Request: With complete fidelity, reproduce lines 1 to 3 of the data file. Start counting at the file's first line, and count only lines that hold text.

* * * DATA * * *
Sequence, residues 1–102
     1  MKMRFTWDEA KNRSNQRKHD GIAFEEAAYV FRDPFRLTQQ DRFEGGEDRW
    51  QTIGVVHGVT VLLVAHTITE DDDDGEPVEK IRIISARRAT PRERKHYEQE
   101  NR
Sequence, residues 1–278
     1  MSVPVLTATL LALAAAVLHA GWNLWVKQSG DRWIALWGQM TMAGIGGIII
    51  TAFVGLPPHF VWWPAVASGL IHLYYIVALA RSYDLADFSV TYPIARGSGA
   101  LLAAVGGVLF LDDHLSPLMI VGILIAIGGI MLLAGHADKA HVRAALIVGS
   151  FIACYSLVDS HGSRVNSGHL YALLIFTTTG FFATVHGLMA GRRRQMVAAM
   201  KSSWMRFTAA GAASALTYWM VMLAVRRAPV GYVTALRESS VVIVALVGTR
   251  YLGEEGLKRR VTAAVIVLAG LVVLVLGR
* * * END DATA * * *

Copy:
Sequence, residues 1–102
     1  MKMRFTWDEA KNRSNQRKHD GIAFEEAAYV FRDPFRLTQQ DRFEGGEDRW
    51  QTIGVVHGVT VLLVAHTITE DDDDGEPVEK IRIISARRAT PRERKHYEQE